To understand why Pat Buchanan is doing so well in the early primaries, we must fully appreciate the sophistication of the national electorate, which knows it is engaged in a process. It now is trying to coax the candidates in the right direction, aware that its decisions still are not final. In other words, the voters of New Hampshire might have voted much differently if they knew their selection on primary day would be final. In that event, I suggest Pat Buchanan would not have won the New Hampshire primary. I believe Bob Dole probably would have won, not because the voters would have been thrilled to support him, but because he is the safest choice, the organization candidate. The electorate would prefer a candidate other than Dole, I think, and there still is time for one of the others to develop, particularly Steve Forbes, perhaps even Buchanan. Dole's dark unpredictability is simply not capable of standing up to President Clinton's continuing improvement as President; the fall campaign would not be very interesting. The voters would not give the GOP both the White House and Congress if Dole were the nominee. Meanwhile, the voters have the luxury of using the primary process to influence the course of the debate, the party agenda, and national direction. By giving Buchanan these early triumphs, they are alerting both political parties to the economic anxieties at the bottom of the social pyramid.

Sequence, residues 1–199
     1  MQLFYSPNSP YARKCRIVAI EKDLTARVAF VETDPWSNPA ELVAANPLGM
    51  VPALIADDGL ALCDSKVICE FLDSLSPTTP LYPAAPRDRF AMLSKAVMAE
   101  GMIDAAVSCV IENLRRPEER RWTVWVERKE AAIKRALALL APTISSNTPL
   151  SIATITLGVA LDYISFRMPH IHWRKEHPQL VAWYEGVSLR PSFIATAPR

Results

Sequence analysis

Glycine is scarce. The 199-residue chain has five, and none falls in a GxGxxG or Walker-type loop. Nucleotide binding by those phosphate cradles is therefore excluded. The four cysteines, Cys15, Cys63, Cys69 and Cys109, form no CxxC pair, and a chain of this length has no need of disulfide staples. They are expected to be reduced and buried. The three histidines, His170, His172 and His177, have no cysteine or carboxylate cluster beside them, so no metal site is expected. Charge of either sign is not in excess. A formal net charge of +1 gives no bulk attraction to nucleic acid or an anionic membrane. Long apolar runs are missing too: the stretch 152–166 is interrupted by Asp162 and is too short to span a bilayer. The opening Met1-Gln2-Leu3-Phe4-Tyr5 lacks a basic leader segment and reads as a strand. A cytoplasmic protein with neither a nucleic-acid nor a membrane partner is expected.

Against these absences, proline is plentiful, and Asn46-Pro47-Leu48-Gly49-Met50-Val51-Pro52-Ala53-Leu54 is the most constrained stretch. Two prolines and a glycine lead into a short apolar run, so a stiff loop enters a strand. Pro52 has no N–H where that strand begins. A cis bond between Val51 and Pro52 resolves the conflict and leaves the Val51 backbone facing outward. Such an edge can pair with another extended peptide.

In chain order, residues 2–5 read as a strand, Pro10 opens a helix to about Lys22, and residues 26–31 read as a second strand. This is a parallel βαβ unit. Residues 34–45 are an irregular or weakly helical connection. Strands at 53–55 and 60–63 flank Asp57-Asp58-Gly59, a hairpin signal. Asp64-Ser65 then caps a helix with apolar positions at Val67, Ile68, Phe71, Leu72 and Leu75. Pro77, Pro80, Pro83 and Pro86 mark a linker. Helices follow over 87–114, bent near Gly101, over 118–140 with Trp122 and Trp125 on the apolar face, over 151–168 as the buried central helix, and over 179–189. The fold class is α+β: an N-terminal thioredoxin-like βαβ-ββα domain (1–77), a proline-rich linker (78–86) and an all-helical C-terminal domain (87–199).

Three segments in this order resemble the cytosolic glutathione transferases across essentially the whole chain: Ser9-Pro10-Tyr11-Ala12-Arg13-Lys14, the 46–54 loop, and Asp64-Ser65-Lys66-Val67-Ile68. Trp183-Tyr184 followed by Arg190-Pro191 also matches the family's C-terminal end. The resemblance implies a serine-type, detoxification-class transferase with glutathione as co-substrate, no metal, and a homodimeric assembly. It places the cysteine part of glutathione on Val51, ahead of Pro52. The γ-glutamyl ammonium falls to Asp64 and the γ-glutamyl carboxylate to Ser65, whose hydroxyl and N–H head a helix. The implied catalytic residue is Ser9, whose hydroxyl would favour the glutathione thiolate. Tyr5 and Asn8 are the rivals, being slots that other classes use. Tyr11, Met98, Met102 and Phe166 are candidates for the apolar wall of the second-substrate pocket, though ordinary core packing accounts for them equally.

My free-trade friends have always puzzled about my sympathy for Ross Perot's anti-NAFTA posture in 1992 or Buchanan's protectionist message today. My 1977 discovery that the gathering storm which produced the Smoot-Hawley Tariff Act of 1930 had caused the Wall Street Crash of 1929 surely certifies my free-trade credentials. The seeming contradiction only can be explained by my Marxist past. If Karl Marx were alive today, he would have noted that the industrial giants got behind Smoot-Hawley in 1929 because they were fighting off foreign competition -- and they got behind NAFTA in 1992 in search of profits, with no fear of foreign competition from Mexico. The World Trade Organization (WTO), which both Perot and Buchanan fought, is in my mind a hideous addition to the international financial bureaucracies that are unaccountable to national electorates. Like the IMF and World Bank, it was designed to serve the stateless multinationals and money-center banks. Marx, a Ricardian free-trader, warned that it was the mindless quest for profits by the big guys, insensitive to the interests of the little guys, which would ultimately doom capitalism. The only possible salvation he saw anywhere in the world was in the United States, which might be able to restrain the capitalist beast through "active, universal suffrage." The people who run the multinationals are not evil. Driven by the law of the jungle, they do what the law allows. Early in the century, our democracy was quick enough to produce Teddy Roosevelt, the trustbuster, but it was unable to do any better than Herbert Hoover for the complex problems that arose in the 1920s.